However, they carried their passion for the Greek and Byzantine music and culture of Asia Minor with them and have since added lyricist and vocalist Sofia Prusali as well as members who play bouzouki, saz, ney, oud, bass, and Cretan Lyre and Cretan Lute. Their professed aim is to speak to the heart by the means of music, regardless of the language. You be the judge. This track is called “Piji” from their album “Nisos”:
7 “Piji” by Nisos from the album "Nisos"
A final geographical link now in my Eurasian chain: the engine’s steaming, the luggage is firmly strapped onto the racks and the guard’s got his whistle to his lips! All aboard! This is the Night Train to Istambul!!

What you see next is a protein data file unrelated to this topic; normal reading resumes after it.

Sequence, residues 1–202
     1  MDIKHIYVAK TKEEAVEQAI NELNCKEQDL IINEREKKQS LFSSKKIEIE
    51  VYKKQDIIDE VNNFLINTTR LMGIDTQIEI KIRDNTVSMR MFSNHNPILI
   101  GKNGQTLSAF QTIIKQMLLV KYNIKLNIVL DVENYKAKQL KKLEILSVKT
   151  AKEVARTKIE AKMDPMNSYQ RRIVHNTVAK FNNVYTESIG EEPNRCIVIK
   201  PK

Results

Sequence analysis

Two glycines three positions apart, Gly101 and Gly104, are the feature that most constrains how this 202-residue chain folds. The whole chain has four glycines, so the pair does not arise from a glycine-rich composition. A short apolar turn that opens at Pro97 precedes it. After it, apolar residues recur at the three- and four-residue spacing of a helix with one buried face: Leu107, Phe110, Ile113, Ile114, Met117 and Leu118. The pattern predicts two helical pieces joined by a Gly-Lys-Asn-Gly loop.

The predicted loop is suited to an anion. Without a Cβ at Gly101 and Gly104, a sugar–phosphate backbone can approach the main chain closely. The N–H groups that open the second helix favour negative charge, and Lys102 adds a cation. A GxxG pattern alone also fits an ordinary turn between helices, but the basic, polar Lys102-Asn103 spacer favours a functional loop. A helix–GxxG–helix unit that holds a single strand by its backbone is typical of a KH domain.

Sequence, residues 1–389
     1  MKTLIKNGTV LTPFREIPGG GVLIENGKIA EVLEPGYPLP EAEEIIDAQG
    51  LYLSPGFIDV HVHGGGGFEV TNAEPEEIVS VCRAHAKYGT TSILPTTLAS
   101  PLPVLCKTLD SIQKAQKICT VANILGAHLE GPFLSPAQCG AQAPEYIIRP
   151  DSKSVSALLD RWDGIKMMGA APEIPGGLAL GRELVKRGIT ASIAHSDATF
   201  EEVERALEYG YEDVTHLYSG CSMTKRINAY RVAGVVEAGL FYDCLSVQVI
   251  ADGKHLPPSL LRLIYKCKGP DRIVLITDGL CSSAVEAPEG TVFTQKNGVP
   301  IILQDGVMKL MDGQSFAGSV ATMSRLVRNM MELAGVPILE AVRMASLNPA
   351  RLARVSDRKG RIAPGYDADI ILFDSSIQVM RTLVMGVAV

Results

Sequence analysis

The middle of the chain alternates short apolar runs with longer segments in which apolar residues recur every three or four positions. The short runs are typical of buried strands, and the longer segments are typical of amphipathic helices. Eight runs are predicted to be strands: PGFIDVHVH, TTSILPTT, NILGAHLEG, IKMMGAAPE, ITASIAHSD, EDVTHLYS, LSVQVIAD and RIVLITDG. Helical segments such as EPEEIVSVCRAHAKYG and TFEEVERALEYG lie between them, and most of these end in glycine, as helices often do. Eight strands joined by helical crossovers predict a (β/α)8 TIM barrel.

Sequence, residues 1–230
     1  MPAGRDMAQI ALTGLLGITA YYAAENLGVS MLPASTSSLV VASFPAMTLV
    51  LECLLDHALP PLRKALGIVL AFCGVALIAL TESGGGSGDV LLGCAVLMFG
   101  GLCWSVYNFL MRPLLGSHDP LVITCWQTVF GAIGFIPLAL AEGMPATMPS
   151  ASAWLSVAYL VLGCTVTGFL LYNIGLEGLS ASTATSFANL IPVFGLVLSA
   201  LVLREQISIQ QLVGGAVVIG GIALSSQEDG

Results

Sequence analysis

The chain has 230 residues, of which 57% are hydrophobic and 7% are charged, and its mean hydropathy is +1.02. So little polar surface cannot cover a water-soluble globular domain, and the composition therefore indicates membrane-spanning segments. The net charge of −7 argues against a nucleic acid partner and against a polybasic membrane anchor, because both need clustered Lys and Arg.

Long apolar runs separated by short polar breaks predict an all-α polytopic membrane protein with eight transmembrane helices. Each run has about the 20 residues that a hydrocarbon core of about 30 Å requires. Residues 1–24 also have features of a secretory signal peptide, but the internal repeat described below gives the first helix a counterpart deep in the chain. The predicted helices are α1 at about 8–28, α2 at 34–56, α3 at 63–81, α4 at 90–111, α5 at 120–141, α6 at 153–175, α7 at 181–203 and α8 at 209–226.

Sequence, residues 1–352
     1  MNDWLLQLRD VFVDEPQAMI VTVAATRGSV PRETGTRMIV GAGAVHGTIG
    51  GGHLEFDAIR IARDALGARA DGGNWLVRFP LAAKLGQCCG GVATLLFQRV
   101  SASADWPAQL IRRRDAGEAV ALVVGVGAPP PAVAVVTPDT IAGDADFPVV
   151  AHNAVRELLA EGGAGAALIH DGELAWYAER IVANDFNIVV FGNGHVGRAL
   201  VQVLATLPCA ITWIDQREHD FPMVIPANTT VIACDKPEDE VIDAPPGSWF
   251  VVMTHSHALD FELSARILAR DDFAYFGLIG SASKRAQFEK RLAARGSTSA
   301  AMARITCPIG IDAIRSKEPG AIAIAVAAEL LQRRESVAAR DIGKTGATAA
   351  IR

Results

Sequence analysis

8 “Istambul (Not Constantinople) (Max Pashm remix) - Ska Cubano - “Ajiaco! the Remix Album”
Well, I enjoyed the ride anyway! That was a 21st Century version of the 1930s classic “Istanbul (Not Constantinople)”, here performed by Ska Cubano but given a remake-over by veteran British remixer Max Pashm, who I’m also looking forward to seeing at the Home Festival in Devon in a couple of weeks.
Now then, from Portugal, Joaquim Teles aka Quiné is a percussionist and composer. This next track is from his 2008 debut solo album called “Da Côr Da Madeira” which loosely refers to ‘wood-coloured music’, in which Quiné uses the Timbila (a Mozambican xylophone) amongst other organic woody sounds to take us on a percussive fusion journey from Portugal to Mozambique. Also on the album are the flautist Paulo Marinho and a quartet of backing vocals. This is called “Maputos”
9 “Maputos” by Quiné from the album “Da Côr Da Madeira” (Quiné - 2008)